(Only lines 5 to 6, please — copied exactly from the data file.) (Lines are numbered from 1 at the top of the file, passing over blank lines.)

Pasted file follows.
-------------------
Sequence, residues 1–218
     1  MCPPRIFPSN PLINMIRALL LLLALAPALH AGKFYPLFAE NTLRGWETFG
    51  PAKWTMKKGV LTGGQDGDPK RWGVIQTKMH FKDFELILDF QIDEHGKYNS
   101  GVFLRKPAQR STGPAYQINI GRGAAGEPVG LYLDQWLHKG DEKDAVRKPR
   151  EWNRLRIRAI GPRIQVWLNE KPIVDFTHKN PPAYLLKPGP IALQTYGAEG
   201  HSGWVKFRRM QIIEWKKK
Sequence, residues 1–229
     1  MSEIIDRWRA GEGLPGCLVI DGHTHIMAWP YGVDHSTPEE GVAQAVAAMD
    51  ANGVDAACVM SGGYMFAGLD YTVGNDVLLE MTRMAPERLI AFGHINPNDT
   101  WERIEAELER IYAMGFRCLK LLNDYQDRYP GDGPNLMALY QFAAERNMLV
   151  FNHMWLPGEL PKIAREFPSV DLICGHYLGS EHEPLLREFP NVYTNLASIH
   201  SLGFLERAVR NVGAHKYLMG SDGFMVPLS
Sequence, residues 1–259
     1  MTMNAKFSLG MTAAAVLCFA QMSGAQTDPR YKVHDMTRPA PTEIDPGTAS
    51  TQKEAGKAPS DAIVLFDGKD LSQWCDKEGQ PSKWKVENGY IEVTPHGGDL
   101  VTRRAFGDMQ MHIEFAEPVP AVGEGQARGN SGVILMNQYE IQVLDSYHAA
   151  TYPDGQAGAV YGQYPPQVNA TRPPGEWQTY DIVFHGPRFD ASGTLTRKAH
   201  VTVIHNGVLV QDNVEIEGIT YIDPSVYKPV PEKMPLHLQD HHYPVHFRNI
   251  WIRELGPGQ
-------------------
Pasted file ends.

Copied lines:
   151  EWNRLRIRAI GPRIQVWLNE KPIVDFTHKN PPAYLLKPGP IALQTYGAEG
   201  HSGWVKFRRM QIIEWKKK